It is the day we hear of Judas’ decision to hand over Jesus for thirty pieces of silver. Why does Judas, one called by the LORD who witnessed the LORD’s miracles, betray the Son of God? The Gospel of John gives us moments when Judas is in contradiction to the Master: after the Bread of Life Discourse (John 6:67-71) and his agitation when at Bethany Mary used precious ointment to anoint the feet of Jesus (John 12:4-6). Perhaps in these moments, Judas saw what appeared to be a vulnerable facet of his Master. Judas wanted to see instant results to the so-called Messiah and did not want his Savior to be presented weak; therefore, he thought he would take the matter into his own hands, running on his own ambitions. Yet, the result of his choices led him to such despair to the point where he no longer believed in forgiveness.
On the other hand, Peter may have had the same hopes for a Messiah who would come to save his people with power and might. Yet, what makes Peter different is that he loved and trusted Jesus and desired to be in communion with him. Even after he denied his friend, brother, and Master he repented and returned to strengthen his brothers.
I wonder, upon my own reflections, if Judas had not fallen into such despair, would he have come to the foot of the Crucified One, filled with sorrow for his sins, only to hear his king say, “Judas, I love you. Today, you will be with me in paradise.”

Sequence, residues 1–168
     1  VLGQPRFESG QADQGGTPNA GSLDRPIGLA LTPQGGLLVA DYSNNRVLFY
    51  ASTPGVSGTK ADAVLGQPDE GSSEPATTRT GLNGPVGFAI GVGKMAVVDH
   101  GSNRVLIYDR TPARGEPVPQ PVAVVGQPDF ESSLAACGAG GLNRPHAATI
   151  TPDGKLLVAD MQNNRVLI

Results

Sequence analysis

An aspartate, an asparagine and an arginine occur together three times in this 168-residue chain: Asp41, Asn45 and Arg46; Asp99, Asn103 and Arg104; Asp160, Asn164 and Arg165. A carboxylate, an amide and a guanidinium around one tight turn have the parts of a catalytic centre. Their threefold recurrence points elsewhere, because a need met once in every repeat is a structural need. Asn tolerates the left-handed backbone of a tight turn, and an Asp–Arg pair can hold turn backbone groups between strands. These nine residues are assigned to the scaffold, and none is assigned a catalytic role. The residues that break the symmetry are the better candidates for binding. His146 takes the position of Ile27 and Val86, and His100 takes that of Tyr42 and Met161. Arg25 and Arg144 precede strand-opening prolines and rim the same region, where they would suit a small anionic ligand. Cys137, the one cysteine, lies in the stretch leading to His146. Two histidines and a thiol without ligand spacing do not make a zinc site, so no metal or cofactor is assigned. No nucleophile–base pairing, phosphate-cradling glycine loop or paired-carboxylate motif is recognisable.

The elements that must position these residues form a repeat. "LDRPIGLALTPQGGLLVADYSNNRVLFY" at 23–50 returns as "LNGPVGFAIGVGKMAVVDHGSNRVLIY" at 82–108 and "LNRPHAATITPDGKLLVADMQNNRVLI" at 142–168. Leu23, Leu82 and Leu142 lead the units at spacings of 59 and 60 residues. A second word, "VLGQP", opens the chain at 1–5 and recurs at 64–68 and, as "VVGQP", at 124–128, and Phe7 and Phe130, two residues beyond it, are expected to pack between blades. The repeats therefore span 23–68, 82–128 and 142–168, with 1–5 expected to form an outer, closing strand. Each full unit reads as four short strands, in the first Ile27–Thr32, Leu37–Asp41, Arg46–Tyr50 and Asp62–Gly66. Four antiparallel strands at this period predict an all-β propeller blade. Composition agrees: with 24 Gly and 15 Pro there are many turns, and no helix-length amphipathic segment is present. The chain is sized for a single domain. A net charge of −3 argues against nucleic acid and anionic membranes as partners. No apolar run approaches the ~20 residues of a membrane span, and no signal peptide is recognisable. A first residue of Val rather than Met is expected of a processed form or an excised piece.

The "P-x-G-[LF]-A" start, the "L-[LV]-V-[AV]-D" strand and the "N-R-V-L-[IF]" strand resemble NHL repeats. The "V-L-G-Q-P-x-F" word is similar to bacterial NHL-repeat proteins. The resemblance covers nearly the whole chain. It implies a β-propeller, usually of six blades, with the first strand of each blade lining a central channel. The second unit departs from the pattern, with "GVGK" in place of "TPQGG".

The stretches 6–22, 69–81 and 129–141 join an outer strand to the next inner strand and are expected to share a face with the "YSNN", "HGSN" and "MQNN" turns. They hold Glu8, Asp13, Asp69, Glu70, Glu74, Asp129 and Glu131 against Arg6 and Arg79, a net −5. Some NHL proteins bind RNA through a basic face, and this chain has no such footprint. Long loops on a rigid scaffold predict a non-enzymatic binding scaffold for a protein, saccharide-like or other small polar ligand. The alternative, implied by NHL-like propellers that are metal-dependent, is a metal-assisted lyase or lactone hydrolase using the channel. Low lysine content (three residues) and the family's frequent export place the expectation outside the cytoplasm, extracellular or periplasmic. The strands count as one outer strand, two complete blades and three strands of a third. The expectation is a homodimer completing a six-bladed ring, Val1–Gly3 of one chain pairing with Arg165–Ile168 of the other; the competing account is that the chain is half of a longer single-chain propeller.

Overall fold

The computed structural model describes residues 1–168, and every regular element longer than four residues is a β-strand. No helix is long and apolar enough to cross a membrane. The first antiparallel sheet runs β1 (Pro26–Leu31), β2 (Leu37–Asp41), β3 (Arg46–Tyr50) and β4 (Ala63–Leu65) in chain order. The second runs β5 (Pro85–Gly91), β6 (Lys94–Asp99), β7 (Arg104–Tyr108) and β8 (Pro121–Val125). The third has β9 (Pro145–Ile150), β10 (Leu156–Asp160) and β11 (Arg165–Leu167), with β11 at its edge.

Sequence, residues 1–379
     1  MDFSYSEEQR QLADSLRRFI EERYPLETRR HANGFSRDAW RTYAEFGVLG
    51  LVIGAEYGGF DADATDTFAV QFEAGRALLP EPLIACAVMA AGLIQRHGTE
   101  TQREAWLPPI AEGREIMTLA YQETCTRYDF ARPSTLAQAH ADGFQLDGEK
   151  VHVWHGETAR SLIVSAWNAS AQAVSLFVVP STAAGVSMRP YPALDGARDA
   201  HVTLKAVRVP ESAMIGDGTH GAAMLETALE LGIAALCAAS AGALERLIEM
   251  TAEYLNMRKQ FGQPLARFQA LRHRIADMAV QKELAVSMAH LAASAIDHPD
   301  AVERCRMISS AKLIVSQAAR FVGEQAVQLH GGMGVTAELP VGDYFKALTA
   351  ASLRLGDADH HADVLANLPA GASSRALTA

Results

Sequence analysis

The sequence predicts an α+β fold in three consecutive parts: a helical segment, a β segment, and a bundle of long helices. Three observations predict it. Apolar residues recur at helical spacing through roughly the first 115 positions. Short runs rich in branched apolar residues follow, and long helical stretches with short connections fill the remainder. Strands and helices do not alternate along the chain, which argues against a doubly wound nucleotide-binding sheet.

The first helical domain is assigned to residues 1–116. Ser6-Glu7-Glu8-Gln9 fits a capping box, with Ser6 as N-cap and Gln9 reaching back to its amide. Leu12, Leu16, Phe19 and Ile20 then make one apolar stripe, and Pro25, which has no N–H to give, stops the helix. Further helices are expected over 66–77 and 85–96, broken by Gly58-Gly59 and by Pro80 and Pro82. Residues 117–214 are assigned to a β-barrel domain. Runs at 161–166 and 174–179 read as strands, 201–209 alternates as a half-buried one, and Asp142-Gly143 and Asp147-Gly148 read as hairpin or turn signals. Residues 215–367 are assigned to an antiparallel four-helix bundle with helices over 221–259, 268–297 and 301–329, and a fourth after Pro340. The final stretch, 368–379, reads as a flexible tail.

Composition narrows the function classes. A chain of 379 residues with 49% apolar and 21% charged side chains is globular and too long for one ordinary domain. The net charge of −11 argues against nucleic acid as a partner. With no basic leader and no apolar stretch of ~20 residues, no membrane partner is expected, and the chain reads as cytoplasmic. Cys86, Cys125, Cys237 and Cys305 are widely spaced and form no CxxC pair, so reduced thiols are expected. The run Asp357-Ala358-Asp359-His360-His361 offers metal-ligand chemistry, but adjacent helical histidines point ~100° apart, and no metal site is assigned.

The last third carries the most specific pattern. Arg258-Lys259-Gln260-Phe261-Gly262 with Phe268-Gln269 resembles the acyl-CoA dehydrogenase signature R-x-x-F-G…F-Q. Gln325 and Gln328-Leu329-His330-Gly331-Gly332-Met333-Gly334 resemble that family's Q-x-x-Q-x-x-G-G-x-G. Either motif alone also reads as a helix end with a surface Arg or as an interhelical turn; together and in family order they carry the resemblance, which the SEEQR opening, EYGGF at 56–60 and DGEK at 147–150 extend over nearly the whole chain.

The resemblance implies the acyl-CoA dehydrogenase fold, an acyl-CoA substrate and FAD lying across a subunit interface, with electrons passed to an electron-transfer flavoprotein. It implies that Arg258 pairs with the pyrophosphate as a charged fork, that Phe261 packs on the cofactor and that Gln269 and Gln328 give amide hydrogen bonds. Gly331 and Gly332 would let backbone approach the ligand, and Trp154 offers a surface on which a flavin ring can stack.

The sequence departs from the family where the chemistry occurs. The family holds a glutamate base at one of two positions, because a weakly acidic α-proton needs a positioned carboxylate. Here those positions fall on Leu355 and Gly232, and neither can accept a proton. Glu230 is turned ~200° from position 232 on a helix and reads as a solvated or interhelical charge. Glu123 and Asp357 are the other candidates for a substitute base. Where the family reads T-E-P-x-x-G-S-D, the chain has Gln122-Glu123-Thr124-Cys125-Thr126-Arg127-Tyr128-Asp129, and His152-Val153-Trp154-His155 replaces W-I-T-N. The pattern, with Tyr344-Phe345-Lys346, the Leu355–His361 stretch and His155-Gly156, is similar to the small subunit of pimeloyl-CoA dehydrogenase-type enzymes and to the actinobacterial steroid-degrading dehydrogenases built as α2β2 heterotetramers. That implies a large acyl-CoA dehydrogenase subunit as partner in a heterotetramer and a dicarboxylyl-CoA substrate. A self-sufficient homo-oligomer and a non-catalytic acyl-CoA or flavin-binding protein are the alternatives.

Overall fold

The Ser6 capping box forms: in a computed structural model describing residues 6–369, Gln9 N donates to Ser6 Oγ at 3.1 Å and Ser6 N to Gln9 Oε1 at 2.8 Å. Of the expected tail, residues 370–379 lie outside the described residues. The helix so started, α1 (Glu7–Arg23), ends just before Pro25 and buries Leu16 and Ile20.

Do we betray the LORD for our own thirty pieces of silver? Namely, do we betray him for our own ambitions for our own way of doing things in advancing heaven here and now? More personally, have I betrayed my LORD wanting things in my own journey of formation to go a certain way? Have I betrayed him by not trusting that he is working in my life and trying to hold on to my own ambitions of being a future priest? Yes. I have. Yet, through the honesty of friends, through the grace of the Spirit, God has led me to turn away from my own personal ambitions of discipleship and has invited me to trust him time and time again.
Today is Spy Wednesday. We are reminded that even in a plot to betray his Master, Judas was loved by Jesus. Jesus loves us no matter how many times we turn away from him. He washes our feet, he gives us the greatest sermon ever preached from his cross, and he will invite us to the emptiness of the tomb this Sunday. These days are holy because it is not about us. It is about him: the Jesus of history, the Jesus of faith, the Jesus who loved us in his suffering.